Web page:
Coping with Seasonal Affective Disorder (SAD)

This has been an incredibly mild winter here in the DC metro area.  I felt the effect myself over this past unusually warm weekend.   Exercising outside at the park, abundant sunshine, and more time socializing with friends and neighbors seemed to have everyone in a better mood.  That being said, we still have more frigid days in our future.  For many people dark and short days, limited sunshine and more time stuck indoors can create a case of the “winter blues”.  For others, the changing seasons can prompt a more serious condition known as Seasonal Affective Disorder (SAD).  SAD is a form of depression that is directly linked to the changing seasons.  It includes symptoms of sadness and depression combined with lack of motivation and increased sleeping and eating.  Researchers aren’t sure as to the exact cause of SAD although lack of light is thought to affect melatonin and serotonin brain activity which in turn affects mood.  Here are some tips for managing this frustrating annual condition:

Get Moving: Exercise is always an important component of managing depression, but it is particularly helpful when suffering from SAD.  If you are experiencing low energy and a sad mood, then a trip to the gym is a wise investment in your mental health.  If you are someone who prefers to exercise outside this can contribute to a seasonal drop in mood.  Although you may prefer a jog outside to a work out on the treadmill in your basement, you must make exercise a priority if your mood and energy have dropped.

See the Light: Light therapy involves exposure to a light box which simulates sunshine and has been found to reduce symptoms of SAD.  Light boxes are typically most effective when used first thing in the morning for a minimum of 30 minutes.  Cost for light boxes can range greatly but the best way to make sure you spend your money wisely is to invest in one that shines at least 10,000 lux.  This is the level of brightness that has been proven to reduce the symptoms of SAD with the most efficient use of time.   Experiment with time of day and duration of exposure to find the equation that works best for you.  Jot down the time you spend in front of the light and your corresponding mood and energy level later in the day.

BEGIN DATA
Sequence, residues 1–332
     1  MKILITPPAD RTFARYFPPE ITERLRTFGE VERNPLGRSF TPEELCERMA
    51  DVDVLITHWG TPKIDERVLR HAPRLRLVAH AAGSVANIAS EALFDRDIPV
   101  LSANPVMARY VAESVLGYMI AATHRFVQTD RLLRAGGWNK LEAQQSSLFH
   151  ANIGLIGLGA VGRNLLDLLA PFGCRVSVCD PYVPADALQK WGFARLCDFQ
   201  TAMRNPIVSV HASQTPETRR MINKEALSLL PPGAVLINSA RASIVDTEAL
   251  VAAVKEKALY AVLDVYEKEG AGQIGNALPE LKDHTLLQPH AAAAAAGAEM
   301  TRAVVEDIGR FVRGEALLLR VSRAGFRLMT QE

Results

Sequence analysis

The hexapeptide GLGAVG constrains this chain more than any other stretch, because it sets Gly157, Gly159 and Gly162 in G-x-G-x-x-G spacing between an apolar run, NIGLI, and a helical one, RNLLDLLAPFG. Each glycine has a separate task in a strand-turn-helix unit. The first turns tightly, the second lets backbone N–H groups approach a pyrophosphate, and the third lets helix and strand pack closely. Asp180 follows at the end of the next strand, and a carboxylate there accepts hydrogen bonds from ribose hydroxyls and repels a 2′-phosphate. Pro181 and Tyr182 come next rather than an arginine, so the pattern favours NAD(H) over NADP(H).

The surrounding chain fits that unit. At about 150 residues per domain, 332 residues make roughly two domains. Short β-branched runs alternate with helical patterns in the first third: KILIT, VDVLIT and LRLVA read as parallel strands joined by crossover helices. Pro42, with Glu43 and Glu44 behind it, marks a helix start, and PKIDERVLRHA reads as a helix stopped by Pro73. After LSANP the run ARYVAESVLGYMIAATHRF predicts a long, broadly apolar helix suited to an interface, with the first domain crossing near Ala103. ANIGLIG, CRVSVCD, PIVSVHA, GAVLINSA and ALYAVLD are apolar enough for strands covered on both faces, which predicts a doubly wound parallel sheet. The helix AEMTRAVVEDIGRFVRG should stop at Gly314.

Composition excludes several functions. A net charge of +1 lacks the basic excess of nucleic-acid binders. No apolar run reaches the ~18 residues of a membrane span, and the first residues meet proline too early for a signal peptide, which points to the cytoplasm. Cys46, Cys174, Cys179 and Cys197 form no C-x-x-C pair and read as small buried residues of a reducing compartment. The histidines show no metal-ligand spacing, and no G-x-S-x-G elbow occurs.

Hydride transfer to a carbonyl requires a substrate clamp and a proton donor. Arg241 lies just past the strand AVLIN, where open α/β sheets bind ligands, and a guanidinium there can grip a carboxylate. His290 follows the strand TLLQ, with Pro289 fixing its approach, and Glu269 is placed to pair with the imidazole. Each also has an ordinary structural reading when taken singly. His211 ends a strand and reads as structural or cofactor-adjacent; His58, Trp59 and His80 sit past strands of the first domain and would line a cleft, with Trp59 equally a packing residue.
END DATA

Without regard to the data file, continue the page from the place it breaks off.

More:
Take Advantage:  If you are suffering from seasonal depression it is imperative to make the most out of those rare sunny days or times when the temperature creeps above frigid.  A mild winter day is not just a stroke up good luck but an opportunity to get some rays and improve a low mood.  Bundle up and get outside whenever you can.  The more you get outside in the cold the more you will be able to cope with the effects of a long winter season.

Make the Best of it:  Part of learning to thrive during winter months involves learning to find what you love about the season.  Think creatively about how to develop new winter habits and hobbies that you can get excited about.  Consider taking up a winter sport and find a way to get a new form of winter exercise.  Find different ways to be productive indoors as well.  Learn to find joy in books or arts and crafts or maybe just organizing your closet.  Also be sure to continue to schedule social engagements as much as possible.  It may be harder to get motivated to meet up with friends and family when conditions outside aren’t ideal but as humans we benefit from social engagement.  Enjoyable relationships protect us from depression and should be made a priority in every season.

If none of these efforts relieve your seasonal depression, consider seeing your doctor.  There are antidepressants available which are specifically designed for SAD symptoms.  Living in a climate with a long winter season can be hard on many people; if you suffer from SAD, it can sometimes seem unbearable.  With effort and proper treatment, your symptoms can become more manageable, and you can look forward to the early signs of Spring.

-Posted by Jonah Green and Associates | Therapist – Kensington, Maryland

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